Marie Tahon, Laurence Devillers, Laughter and other affect bursts and emotion detection for onlinehuman-robot interaction, Workshop on laughter, 2015.
This paper presents a study of laugh classification using a cross-corpus protocol. It aims at the automatic detection of laughs in a real-time human-machine interaction. Positive and negative laughs are tested with different classification tasks and different acoustic feature sets. F.measure results show an improvement on positive laughs classifi- cation from 59.5% to 64.5% and negative laughs recognition from 10.3% to 28.5%. In the context of the Chist- Era JOKER project, positive and negative laugh detec- tion drives the policies of the robot Nao. A measure of engagement will be provided using also the number of positive laughs detected during the interaction.


Laurence Devillers, Marie Tahon, Mohamed Sehili, Agnès Delaborde, Inference of Human Beings’ Emotional States from Speech in Human-Robot Interactions, International Journal of social robotics, Special Issue Dev, 2015,

The challenge of this study is twofold: recognizing emotions from audio signals in naturalistic Human–Robot Interaction (HRI) environment, and using a cross-dataset recognition for robustness evaluation. The originality of this work lies in the use of six emotional models in parallel, generated using two training corpora and three acoustic feature sets. The models are obtained from two databases collected in different tasks, and a third independent real-life HRI corpus (collected within the ROMEO project— is used for test. As primary results, for the task of four-emotion recognition, and by combining the probabilistic outputs of six different systems in a very simplistic way, we obtained better results compared to the best baseline system.
Moreover, to investigate the potential of fusing many systems’ outputs using a “perfect” fusion method, we calculate the oracle performance (oracle considers a correct prediction if at least one of the systems outputs a correct prediction). The obtained oracle score is 73 % while the auto-coherence score on the same corpus (i.e. performance obtained by using the same data for training and for testing) is about 57 %. We experiment a reliability estimation protocol that makes use of outputs from many systems. Such reliability measurement of an emotion recognition system’s decision could help to construct a relevant emotional and interactional user profile which could be used to drive the expressive behavior of the robot.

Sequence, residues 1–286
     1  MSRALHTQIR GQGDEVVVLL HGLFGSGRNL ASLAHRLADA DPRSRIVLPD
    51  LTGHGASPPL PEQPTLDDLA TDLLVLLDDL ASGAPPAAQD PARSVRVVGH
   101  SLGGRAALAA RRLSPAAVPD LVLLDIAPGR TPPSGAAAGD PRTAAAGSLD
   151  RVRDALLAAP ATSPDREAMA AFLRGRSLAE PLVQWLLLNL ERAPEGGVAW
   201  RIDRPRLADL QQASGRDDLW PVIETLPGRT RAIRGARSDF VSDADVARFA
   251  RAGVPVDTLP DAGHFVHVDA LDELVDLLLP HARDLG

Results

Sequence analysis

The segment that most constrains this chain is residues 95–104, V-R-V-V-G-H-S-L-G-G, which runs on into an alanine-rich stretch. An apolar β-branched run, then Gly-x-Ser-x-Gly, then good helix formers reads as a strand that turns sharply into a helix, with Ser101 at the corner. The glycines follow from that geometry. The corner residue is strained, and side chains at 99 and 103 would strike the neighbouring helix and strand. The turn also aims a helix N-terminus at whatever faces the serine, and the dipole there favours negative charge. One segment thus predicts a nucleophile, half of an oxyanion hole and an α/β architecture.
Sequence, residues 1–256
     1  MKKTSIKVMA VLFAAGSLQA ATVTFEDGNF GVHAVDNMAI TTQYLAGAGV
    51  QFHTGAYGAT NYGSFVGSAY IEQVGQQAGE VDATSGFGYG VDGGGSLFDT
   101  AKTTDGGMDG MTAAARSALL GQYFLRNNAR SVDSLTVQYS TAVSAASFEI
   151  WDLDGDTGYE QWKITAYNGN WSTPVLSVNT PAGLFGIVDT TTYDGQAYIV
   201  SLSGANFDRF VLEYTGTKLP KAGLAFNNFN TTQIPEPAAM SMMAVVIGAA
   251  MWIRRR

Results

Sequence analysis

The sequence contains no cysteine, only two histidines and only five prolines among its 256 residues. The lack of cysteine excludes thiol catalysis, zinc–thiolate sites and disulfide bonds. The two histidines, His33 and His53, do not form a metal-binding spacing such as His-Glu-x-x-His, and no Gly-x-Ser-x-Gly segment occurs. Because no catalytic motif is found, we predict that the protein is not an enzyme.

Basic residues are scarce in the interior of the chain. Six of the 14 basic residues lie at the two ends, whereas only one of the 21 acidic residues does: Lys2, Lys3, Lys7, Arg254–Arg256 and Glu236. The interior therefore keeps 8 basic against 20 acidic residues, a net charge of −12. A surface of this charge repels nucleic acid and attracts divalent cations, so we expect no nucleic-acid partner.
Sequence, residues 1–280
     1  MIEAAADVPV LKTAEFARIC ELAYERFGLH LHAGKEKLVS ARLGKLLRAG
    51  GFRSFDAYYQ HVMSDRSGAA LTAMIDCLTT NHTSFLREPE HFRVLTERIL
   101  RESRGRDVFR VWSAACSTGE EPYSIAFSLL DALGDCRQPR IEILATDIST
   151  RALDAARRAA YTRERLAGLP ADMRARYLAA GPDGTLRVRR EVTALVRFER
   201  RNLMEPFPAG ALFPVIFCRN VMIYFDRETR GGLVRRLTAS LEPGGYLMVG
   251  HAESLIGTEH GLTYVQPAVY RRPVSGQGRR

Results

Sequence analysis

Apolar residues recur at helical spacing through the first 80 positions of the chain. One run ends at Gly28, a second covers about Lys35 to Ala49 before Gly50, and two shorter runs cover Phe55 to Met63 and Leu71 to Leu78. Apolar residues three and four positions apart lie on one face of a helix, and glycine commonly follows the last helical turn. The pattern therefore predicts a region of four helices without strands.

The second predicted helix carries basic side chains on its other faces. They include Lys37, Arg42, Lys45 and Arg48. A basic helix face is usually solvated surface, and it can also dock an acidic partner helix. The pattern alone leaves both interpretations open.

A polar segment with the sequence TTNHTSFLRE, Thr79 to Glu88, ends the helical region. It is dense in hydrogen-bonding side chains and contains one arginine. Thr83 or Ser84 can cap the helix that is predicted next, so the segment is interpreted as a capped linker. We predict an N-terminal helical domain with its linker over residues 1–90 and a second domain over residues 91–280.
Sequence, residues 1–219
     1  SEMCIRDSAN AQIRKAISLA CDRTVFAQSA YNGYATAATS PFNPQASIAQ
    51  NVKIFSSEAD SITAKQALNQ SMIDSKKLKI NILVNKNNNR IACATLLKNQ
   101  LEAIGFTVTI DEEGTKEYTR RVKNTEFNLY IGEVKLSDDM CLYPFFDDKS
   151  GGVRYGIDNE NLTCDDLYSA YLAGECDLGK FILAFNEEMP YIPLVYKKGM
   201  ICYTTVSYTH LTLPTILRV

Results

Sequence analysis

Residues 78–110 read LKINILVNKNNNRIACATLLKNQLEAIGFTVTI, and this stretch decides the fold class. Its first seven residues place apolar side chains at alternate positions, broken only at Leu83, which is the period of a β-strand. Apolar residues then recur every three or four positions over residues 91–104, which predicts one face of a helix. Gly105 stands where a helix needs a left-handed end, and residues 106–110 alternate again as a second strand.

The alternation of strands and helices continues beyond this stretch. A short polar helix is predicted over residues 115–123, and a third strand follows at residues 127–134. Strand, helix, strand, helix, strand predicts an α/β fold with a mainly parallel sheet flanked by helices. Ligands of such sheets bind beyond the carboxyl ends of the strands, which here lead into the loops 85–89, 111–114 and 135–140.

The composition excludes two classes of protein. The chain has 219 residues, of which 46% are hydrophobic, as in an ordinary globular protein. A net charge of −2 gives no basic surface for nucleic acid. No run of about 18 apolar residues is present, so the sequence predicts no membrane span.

6.1.Proceedings de workshops et de conférences

M. Naveau, J. Carpentier, S. Barthelemy, O. Stasse and P. Soueres, METAPOD – Template META-Programming applied to Dynamics: COP-COM trajectory filtering, IEEE Int. Conference on Humanoid Robots, Madrid, Espagne, Novembre 2014.
In this contribution, Metapod, a novel C++ library computing efficiently dynamic algorithms is presented. It uses template-programming techniques together with code- generation. The achieved performances shows some advantage over the state-of-the art dynamic library RBDL mostly on ATOM processor and for the inertia matrix computation, which are relevant for robotics application. On recent desktop computer, the ratio of the gain is not so obvious and in general the time achieved by both library is not significantly different for inverse dynamics. The advantage of this library is that it is open-source and does not rely on any external symbolic computational software. A main
drawback is the increase complexity in debugging the code source due to template programming. Additionally we show how it can help in current control problems for humanoid robots, and more specifically for dynamic filtering of walking gait trajectories.

A. Del Prete, N. Mansard, F. Nori, Giorgio Metta and Lorenzo Natale, Partial Force Control of Constrained Floating-Base Robots, IEEE/ International Conference on Intelligent Robots and Systems (IROS), 2014